Rounds 1 – 5

A summary of what has happened so far, our lessons, and our plans for the second half of the 2015 impact purchase.

The story so far

We have finished 5 rounds of the impact purchase.

The net transfers that have occurred so far:

  • We paid $200 for 17% of Ben Kuhn’s post on donation matching.
  • We paid $4700 for 4.46% of Ryan Carey and Brayden McLean’s work organizing EA Melbourne
  • We paid $100 for 0% of Oliver’s organization of HPMOR wrap parties.
  • Owen Cotton-Barratt paid $400 for 33% of Ben’s post on donation matching
  • Owen paid $200 for 0.4% of Ryan and Brayden’s work on EA Melbourne.
  • Larks paid $2k for 19.8% of Oliver’s organization of HPMOR wrap parties.

These purchases imply prices of:

  • $1200 for Ben’s post on donation matching
  • About $10,000 for Oliver’s work organizing HPMOR wrap parties
  • About $50,000 to $100,000 for Brayden and Ryan’s work organizing EA Melbourne

These prices are likely to change, and in some cases have already changed, as the projects age and more information is available about their long-term impacts. Overall our evaluations are intended to be conservative, such that we expect them to increase over time as information becomes available (and such that older projects will tend to have higher prices).

Going forward

We intend to take a break for a few months, and make three more $2,000 rounds of funding at the end of October, November, and December. We’ll make a post with our revised plans at the beginning of October.

We’d love any feedback on the process—what you think we should do differently in the upcoming rounds? (See “lessons” below for some of our thoughts.)

What to make of these prices

As a seller, we estimate that these prices imply values for time on the order of $50-$200/h.

We made crude  estimates of each intervention’s impact (here, here), estimating that these activities cost about $2 per dollar of EA donations stimulated. Our estimates were very noisy and tended to be pessimistic.

These prices are incomparable to estimates of “marginal good done per dollar” for most charities, which cost labor at non-profit salaries rather than opportunity cost. A more conservative approach would use foregone wages instead, which can easily be several times larger. Given that an EA working at a non-profit decided it wasn’t worth earning to give, even this much higher estimate presumably understates the real opportunity cost of labor at EA organizations.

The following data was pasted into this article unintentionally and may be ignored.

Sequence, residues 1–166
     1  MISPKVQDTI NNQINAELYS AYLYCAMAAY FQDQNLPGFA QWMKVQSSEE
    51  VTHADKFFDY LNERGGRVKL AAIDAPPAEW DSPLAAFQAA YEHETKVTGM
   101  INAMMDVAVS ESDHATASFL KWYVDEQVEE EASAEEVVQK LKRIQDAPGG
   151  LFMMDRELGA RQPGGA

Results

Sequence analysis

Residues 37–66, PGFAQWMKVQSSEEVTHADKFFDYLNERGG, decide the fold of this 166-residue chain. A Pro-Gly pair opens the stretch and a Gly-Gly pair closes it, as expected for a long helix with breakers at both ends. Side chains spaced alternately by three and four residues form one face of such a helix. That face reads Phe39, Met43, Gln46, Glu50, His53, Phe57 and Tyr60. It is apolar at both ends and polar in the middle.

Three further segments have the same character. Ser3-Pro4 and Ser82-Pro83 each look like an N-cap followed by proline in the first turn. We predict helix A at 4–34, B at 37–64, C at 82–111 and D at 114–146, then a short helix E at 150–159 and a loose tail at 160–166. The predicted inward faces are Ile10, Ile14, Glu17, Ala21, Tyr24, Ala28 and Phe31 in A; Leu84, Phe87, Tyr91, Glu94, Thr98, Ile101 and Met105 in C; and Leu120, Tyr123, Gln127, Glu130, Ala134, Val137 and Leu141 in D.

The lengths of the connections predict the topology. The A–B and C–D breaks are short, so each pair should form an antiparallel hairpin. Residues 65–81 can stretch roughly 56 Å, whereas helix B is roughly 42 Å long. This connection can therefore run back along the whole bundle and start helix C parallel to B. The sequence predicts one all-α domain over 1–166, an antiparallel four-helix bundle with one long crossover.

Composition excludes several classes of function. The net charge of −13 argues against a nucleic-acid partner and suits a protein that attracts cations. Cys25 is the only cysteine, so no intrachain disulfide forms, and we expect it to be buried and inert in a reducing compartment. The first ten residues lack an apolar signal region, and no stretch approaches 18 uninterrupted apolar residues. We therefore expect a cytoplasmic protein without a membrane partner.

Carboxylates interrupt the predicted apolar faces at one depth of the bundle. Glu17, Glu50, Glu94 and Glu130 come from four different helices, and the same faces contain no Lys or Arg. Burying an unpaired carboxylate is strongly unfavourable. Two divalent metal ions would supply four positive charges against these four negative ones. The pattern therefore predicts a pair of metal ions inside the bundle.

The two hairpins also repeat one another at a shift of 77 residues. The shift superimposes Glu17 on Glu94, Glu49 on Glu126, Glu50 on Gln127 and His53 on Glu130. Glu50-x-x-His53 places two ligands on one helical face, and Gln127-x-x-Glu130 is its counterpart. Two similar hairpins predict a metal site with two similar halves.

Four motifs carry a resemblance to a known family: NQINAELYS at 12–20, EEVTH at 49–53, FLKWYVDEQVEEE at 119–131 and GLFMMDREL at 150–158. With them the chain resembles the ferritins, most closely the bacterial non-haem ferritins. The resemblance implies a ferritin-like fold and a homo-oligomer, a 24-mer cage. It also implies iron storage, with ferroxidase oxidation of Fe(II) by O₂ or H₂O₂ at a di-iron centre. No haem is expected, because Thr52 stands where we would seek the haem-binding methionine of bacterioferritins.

By contrast, if recipients reported honestly (it’s not clear if they did), then the prices in the last section are at least the all-things-considered cost of the activities. In most cases they are substantially above, since we used a second-price auction and had only a few submissions.

We expect that these prices are higher than the average all-things-considered costs of accomplishing similar good in existing EA organizations, and are probably higher than the marginal costs. If you believe that, then the only reason to fund certificates at this stage is to explore an alternative funding mechanism. But we don’t think the comparison is a slam dunk, and we are optimistic that costs will fall further, at which point purchases could be competitive with marginal spending at other organizations.


Guaranteeing incentive compatibility in dynamic two-sided markets is essentially impossible. We shouldn’t have tried, and going forward we will dismantle this guarantee as quickly as we can without undermining our existing commitments. We will continue to make our own decisions altruistically, we will encourage other funders to do the same, and we will avoid using our information to extract the lowest possible price. But we won’t try to make formal guarantees.

We were very grateful to Larks and Owen for participating in the experiment. We’re optimistic that a thicker market for certificates would be able to attract additional funding, so we see the largest bottleneck as finding additional sellers. Our guess is that the current sellers represent a small fraction of in-principle-available projects.

We felt guilty publishing sloppy evaluations of interventions that people care about. That said, we don’t think it did too much damage / we don’t feel too guilty, (which was a concern in advance) so overall this was a positive update for the current level of transparency. That said, participants seemed at least a bit unhappy about the prospect of transparency for unfunded projects, so we will give people a clearer opportunity to submit without committing to publication if unfunded.

The majority of our submissions were for outreach activities, and we think it would have been helpful if more people had been willing to submit research. We don’t have any clear ideas for improving this, though some of the other changes may help.

At least a handful of people were deterred by the cost of applying coupled with uncertainty about our evaluations. We will probably alter the process to involve lower-effort “expressions of interest” by would-be sellers, followed by a more extensive discussion if we are interested. We may also be more proactive in asking people if they are interested in selling. We will probably also start to talk with people prospectively about our likely willingness to buy work that they are considering doing.

As expected, we didn’t have enough time to make reasonable evaluations and so had to make very sloppy ones. But we felt happy enough distributing money on the basis of our rough evaluations that we overall updated in favor of the plausibility of making crude evaluations.